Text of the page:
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Cancer and Getting Pregnant?

Can cancer affect my chances of getting pregnant?
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profile picture of Samuel Wood, MD
Reproductive Endocrinologist
Updated
March 2, 2017
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Cancer is scary at any time, but for women who hope to someday have a baby, it can be especially terrifying. The good news is that most types of cancers don’t really have an effect on fertility. But you could have a problem if your reproductive organs (ovaries, uterus, fallopian tubes) come under attack, or if you need to undergo radiation to the pelvic area. Chemotherapy (no matter what type of cancer you are diagnosed with) can also affect egg quality and potential pregnancies.

The silver lining here is that incredible developments in fertility research have made it possible to freeze eggs or embryos before getting cancer treatments. (If it’s your partner who is diagnosed with testicular cancer, he may also want to consider freezing his sperm). Talk to your doctor to see if he recommends you do that. If you do, then, when you’re ready to conceive, it’s possible that you can get pregnant yourself or work with a surrogate to start your family.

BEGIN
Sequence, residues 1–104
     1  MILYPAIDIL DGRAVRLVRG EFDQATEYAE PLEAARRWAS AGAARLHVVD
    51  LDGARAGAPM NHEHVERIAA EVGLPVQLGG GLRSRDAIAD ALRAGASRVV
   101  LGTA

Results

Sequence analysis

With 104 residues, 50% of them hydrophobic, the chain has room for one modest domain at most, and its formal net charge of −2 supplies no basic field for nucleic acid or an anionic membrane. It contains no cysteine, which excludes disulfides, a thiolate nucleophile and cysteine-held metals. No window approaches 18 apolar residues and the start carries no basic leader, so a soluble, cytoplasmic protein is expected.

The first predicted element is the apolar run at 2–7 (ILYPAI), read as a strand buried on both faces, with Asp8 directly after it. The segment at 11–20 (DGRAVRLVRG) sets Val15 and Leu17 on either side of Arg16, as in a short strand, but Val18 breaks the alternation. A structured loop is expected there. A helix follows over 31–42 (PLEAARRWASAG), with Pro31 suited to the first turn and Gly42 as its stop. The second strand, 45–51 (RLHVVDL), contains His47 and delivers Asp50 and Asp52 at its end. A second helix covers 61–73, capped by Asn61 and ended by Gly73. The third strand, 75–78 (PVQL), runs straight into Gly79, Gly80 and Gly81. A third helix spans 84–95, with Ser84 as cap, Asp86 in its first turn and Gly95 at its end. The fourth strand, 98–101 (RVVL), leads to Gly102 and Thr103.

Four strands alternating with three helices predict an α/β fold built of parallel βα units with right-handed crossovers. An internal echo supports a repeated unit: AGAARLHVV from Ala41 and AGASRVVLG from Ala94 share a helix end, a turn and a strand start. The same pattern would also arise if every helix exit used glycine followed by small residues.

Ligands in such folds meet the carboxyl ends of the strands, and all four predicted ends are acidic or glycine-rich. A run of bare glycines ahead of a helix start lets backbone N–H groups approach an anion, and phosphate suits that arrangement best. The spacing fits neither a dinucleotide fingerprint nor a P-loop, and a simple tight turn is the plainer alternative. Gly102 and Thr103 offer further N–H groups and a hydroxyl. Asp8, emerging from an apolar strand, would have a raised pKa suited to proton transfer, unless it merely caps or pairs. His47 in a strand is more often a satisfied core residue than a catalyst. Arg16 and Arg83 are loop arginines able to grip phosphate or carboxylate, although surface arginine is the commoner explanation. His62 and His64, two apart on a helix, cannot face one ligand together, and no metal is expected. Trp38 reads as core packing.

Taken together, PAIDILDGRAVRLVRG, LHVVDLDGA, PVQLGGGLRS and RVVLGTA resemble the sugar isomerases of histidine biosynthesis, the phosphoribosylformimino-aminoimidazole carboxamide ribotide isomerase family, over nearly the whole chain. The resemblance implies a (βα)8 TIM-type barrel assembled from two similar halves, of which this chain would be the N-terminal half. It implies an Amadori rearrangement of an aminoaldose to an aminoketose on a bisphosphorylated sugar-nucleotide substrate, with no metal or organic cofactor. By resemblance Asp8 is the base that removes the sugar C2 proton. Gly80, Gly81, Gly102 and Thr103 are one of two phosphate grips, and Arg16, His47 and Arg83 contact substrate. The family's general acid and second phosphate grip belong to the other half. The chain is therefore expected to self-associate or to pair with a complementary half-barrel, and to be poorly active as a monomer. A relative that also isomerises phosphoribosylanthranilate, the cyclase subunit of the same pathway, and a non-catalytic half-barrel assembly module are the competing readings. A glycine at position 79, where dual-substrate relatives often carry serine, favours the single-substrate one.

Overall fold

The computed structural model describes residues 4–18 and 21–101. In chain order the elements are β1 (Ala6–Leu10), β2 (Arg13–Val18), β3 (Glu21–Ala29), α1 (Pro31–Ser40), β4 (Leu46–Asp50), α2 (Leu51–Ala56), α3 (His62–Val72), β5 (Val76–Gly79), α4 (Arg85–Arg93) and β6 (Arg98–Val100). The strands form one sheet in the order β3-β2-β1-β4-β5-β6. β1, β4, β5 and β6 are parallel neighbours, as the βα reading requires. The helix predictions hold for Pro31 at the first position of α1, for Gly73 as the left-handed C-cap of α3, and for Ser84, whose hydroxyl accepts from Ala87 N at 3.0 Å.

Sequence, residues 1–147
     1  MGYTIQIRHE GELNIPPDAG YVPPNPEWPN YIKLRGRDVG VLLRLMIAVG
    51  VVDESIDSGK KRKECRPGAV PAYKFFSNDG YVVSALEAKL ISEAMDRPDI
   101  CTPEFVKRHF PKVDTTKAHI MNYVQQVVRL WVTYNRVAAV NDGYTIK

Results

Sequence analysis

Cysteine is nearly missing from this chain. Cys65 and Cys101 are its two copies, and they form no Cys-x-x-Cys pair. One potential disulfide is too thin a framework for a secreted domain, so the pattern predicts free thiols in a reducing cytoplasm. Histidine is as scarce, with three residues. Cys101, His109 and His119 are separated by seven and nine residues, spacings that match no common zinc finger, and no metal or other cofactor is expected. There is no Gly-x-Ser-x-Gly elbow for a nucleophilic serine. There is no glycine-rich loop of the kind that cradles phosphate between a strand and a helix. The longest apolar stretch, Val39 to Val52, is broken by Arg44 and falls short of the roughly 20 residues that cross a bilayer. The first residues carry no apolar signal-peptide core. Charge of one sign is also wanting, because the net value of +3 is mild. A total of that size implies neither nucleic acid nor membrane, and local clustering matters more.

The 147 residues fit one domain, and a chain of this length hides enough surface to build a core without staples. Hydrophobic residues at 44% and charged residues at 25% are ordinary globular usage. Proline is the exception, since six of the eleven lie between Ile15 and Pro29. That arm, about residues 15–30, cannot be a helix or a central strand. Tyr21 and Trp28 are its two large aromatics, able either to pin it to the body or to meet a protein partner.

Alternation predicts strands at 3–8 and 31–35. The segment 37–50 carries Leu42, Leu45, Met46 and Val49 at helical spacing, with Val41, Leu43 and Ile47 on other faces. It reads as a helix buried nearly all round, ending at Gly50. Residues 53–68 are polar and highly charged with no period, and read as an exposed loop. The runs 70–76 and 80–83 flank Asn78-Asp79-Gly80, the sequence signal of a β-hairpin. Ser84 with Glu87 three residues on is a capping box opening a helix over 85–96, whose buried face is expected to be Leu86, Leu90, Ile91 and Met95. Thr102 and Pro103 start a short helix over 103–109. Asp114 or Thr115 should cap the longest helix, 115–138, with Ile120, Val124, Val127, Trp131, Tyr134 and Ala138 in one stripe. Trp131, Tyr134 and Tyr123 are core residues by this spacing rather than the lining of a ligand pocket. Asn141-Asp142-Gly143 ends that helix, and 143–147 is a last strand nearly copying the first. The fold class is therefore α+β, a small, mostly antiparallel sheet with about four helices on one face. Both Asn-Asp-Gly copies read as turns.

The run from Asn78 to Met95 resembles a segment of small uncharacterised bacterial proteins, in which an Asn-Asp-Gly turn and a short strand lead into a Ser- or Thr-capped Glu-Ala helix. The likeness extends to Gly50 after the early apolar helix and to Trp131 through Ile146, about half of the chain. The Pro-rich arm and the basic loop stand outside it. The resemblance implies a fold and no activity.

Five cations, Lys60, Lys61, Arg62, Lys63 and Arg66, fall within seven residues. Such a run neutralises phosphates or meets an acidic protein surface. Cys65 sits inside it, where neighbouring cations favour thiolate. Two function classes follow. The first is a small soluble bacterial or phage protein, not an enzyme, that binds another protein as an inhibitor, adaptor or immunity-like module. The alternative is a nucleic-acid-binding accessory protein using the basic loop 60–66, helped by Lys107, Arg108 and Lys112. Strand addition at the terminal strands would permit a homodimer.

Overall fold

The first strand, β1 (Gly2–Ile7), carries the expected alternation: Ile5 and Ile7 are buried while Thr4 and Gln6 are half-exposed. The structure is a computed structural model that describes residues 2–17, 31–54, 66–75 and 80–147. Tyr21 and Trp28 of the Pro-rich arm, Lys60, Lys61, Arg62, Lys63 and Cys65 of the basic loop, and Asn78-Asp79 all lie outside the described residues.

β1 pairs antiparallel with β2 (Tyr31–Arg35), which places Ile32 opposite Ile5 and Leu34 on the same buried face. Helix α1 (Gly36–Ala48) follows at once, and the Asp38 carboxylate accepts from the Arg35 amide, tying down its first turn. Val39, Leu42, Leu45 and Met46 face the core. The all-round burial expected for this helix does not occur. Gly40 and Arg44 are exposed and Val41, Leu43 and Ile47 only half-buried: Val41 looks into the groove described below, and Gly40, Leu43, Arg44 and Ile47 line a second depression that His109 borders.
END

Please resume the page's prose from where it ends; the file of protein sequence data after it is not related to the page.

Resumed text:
Please note: The Bump and the materials and information it contains are not intended to, and do not constitute, medical or other health advice or diagnosis and should not be used as such. You should always consult with a qualified physician or health professional about your specific circumstances.

Common Fertility Tests

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